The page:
However, in Beckman’s eyes, the corporatization of the music industry has made it much more difficult to establish genuine connections between photographer and subject. “Most of the shoots were just me and the artist, no art directors, stylists, managers or PR people. It was easy to build trust and work with [them] to create the portraits,” she recalls. “Today, it’s more complicated; there are usually more “cooks in the kitchen”.

It is not uncommon in the modern era for artists to demand strict control over their own image. In 2013, for example, Beyoncé banned press photographers from her Ms. Carter world tour, in an apparent backlash to a series of “unflattering” photos from his Super Bowl performance that year. The power dynamic seems to have changed.

But in getting the ‘perfect’ image – which usually translates to well-lit and posed – there’s a risk of losing the kinetic brutality seen in Cummins’ image of the Sex Pistols at Wolverhampton’s Club Lafayette, or the sleazy hedonism dispatches from Nick Waplington of The Sound Factory in New York.

Nick Waplington, Untitled from The Sound Factory series, New York, 1989-93 © Nick Waplington, courtesy Pace Gallery

As music photography practices have evolved, many musicians have become their own surveyors. Once subject – for better or for worse – to the gaze of the photographer, they are now able to fulfill the otherwise dissonant roles of photographer and subject simultaneously.

The COVID-19 pandemic and subsequent lockdowns have helped accelerate this trend. Charli XCX shot a self-portrait for the cover of her 2020 album How I’m Feeling Now, laid back in her underwear in the intimate setting of her bed; Reggaetonero Bad Bunny, meanwhile, was photographed by his girlfriend Gabriela Berlingeri for the cover of Rolling Stone, with his mask literally ripped off.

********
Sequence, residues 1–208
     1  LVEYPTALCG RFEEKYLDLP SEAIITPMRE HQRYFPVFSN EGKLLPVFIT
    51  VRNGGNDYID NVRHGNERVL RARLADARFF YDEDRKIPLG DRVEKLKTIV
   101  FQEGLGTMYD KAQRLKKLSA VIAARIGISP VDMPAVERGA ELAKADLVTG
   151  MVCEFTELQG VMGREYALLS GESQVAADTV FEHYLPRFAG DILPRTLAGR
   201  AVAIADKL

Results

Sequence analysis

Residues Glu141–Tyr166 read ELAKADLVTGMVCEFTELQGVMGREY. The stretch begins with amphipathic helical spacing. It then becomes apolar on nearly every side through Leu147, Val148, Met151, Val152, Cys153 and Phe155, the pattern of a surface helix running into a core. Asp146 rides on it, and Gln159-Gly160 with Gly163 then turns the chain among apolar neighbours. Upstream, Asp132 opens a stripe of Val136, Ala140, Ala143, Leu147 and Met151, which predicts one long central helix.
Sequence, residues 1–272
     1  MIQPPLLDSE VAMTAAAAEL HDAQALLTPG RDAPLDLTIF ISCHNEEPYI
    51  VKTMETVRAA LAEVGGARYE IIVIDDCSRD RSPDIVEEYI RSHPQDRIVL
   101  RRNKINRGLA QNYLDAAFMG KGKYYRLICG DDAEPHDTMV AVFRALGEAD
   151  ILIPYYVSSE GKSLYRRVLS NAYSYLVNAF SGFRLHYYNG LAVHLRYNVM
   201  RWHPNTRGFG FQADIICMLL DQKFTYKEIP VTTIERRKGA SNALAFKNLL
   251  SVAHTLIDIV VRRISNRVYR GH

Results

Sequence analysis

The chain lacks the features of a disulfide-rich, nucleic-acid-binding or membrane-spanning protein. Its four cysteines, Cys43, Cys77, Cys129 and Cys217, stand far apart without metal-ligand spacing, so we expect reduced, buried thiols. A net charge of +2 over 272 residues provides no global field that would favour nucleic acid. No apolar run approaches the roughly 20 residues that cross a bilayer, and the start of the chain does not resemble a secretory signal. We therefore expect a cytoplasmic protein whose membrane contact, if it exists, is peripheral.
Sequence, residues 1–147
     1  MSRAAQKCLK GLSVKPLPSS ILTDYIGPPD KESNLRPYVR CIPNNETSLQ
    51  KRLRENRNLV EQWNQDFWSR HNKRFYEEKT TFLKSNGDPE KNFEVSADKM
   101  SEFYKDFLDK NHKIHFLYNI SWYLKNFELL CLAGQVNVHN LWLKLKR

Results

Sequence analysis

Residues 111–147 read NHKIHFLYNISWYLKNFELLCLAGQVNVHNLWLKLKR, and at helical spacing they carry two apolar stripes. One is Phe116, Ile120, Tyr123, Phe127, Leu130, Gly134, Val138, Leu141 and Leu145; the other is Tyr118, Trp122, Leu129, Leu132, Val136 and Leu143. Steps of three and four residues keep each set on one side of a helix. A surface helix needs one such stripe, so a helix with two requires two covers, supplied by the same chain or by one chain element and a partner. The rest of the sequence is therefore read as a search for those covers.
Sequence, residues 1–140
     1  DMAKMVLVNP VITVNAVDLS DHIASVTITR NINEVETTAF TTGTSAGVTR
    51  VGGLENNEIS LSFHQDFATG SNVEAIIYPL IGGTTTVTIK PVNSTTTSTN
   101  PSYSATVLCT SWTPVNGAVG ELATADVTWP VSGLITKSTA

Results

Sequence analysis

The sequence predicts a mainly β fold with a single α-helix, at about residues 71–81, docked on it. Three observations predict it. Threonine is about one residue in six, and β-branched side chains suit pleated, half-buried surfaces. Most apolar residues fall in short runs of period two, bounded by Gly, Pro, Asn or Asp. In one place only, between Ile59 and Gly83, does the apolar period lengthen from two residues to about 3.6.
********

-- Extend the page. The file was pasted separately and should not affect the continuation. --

Charli XCX how i feel now

The desire for these “intimate” images is perhaps explained by art critic Fisun Guner’s theory that “for many, the artist is an exotic creature whose mystery has yet to be unraveled”. When we look at the seemingly vulnerable and exposed forms of our idols, we can feel like we really know them.

Smartphones and social media have made musicians more photographed than ever. Janette Beckman sees this as a positive thing for photographers, who now have the ability to instantly share their work with people around the world. But for musicians, this can represent an additional constraint.

In a test for The Guardian highlighting the current trend of record labels demanding TikTok content from their artists, English singer-songwriter Self Esteem wrote: “It might seem quite demeaning – not to mention psychologically dangerous – to tie your only chance of success to your ability to play the kind of personality that plays well online, and not to your job.”

Rahim Fortune, Erykah Badu, 2020 © Sasha Wolf Projects and Rahim Fortune, courtesy Pace Gallery

Arguably, the “highlighted” nature of social media has eroded authenticity. Exposed to so much stare, artists (understandably) become increasingly protective and controlling of their image and how they are perceived. The clear separation between subject and object in traditional photography structures can offer relief from this, as well as a distinct barrier to its audience. And the results, like From studio to stage documents so meticulously, are of unique value.

When photographers have the opportunity to work closely with musicians for long periods of time, authentic, intimate and revealing moments of openness and authenticity can flourish. As American photographer Rahim Fortune says, “true documentary photography will always have a special place in music and can never be replaced by smartphone technology.”

From studio to stage will run from June 29 to August 19 at Pace New York.


Banner photo: Kevin Cummins, David Bowie in front of Tea & Sympathy in New York, January 10, 1997 © Kevin Cummins, courtesy of Pace Gallery;